Archive for November, 2011

The Hungry Dragon: China in Africa – One For The Future?

Via The Financial Times, an analysis on China’s interest in African trade, specifically foodstuffs and agriculture.  As the article notes: “On the face of it, it should be a logical tie-up. China, with its burgeoning middle class and shrinking arable farmland, is facing increasing strains in its agricultural sector to meet domestic food demand. Africa, […]

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Africa’s Great ‘Water Grab’

Via The Guardian, an interesting look at what they term Africa’s great ‘water grab’.  As the article notes: The banks of the Niger river, in southern Mali, have been flooded by a steady stream of foreigners. Coveted by foreign investors eager to snap up large tracts of fertile farmland, the river basin has been at […]

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Mali-able: Foreign Investment Jumps 60% in Mali

Via The Guardian, a report on a surge in foreign investment in Mali’s agricultural sector.  As the article notes: Foreign investment in arable land in Mali increased by 60% between 2009 and 2010, says a report published on Thursday to coincide with the first international farmers’ conference to tackle the global rush for land. The […]

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Bangladesh Government Goes Shopping For Overseas Farmland

Via The Guardian, a report that Bangladesh is looking abroad for land to grow food to meet the country’s increasing demand and to create jobs for Bangladeshi migrants.  As the article notes: The Bangladesh government is looking near and far – from Ukraine to South Sudan – to bolster food security at home, according to […]

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The Hungry Dragon: China’s Tycoons Go Farming

Via China Dialogue, an interesting article on how big business has woken up to the growth potential of organic agriculture in China and the impact that this may have upon small farmers: China’s biggest PC manufacturer to grow vegetables? It sounds ridiculous, but that’s exactly what Liu Chuanzhi, chairman of computer giant Lenovo, wants to […]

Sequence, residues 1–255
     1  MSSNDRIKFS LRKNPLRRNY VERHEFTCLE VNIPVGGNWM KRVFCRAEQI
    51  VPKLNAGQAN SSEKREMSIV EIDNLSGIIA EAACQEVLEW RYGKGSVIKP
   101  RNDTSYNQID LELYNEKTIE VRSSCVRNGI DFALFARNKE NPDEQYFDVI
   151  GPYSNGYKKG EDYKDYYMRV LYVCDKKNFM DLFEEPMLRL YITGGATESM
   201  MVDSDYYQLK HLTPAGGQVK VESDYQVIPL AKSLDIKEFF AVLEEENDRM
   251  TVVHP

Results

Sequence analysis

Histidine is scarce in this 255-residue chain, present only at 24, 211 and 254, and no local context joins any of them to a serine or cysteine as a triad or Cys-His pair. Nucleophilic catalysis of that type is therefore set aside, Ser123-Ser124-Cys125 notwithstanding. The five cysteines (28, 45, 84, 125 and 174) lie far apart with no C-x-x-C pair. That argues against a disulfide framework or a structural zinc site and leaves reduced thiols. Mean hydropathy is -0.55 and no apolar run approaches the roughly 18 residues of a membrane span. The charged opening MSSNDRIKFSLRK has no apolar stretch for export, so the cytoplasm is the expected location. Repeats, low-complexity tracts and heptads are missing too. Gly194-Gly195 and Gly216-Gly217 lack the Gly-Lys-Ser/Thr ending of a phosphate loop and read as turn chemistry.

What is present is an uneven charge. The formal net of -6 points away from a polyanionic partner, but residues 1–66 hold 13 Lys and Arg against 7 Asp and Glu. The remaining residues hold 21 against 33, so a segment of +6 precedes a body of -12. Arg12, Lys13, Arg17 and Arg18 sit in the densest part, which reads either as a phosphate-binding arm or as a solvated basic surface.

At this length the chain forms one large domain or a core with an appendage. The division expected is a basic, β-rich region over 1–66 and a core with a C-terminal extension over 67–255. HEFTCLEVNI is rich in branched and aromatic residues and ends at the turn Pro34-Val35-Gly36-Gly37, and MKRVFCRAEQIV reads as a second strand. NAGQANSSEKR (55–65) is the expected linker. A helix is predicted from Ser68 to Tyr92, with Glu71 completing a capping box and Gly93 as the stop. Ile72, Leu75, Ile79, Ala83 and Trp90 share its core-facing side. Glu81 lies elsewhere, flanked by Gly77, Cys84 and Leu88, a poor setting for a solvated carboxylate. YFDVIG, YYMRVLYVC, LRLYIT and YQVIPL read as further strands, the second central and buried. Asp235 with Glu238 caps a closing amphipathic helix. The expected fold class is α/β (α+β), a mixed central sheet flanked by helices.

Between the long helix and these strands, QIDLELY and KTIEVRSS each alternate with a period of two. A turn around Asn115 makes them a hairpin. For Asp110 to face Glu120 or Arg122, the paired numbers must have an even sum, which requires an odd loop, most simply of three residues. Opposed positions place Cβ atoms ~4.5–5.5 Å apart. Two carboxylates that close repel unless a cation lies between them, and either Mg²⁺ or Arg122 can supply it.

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The Hungry Dragon Does Tango: China Courts Partners to Step up Investment in Argentina

Via Market News International, a report on Chinese efforts to step up investment in Argentina.  As the article notes: China is ramping up investment in Argentina to secure natural resources to feed its growing economy and snare sales opportunities for its emergent manufacturing industry. China over the past few decades has boosted and sharpened its […]

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About This Blog And Its Author
Seeds Of A Revolution is committed to defining the disruptive geopolitics of the global Farms Race.  Due to the convergence of a growing world population, increased water scarcity, and a decrease in arable land & nutrient-rich soil, a spike of international investment interest in agricultural is inevitable and apt to bring a heretofore domestic industry into a truly global realm.  Whether this transition involves global land leases or acquisitions, the fundamental need for food & the protectionist feelings this need can give rise to is highly likely to cause such transactions to move quickly into the geopolitical realm.  It is this disruptive change, and the potential for a global farms race, that Seeds Of A Revolution tracks, analyzes, and forecasts.

Educated at Yale University (Bachelor of Arts - History) and Harvard (Master in Public Policy - International Development), Monty Simus has long held a keen interest in natural resource policy and the geopolitical implications of anticipated stresses in the areas of freshwater scarcity, biodiversity reserves & parks, and farm land.  Monty has lived, worked, and traveled in more than forty countries spanning Africa, China, western Europe, the Middle East, South America, and Southeast & Central Asia, and his personal interests comprise economic development, policy, investment, technology, natural resources, and the environment, with a particular focus on globalization’s impact upon these subject areas.  Monty writes about freshwater scarcity issues at and frontier investment markets at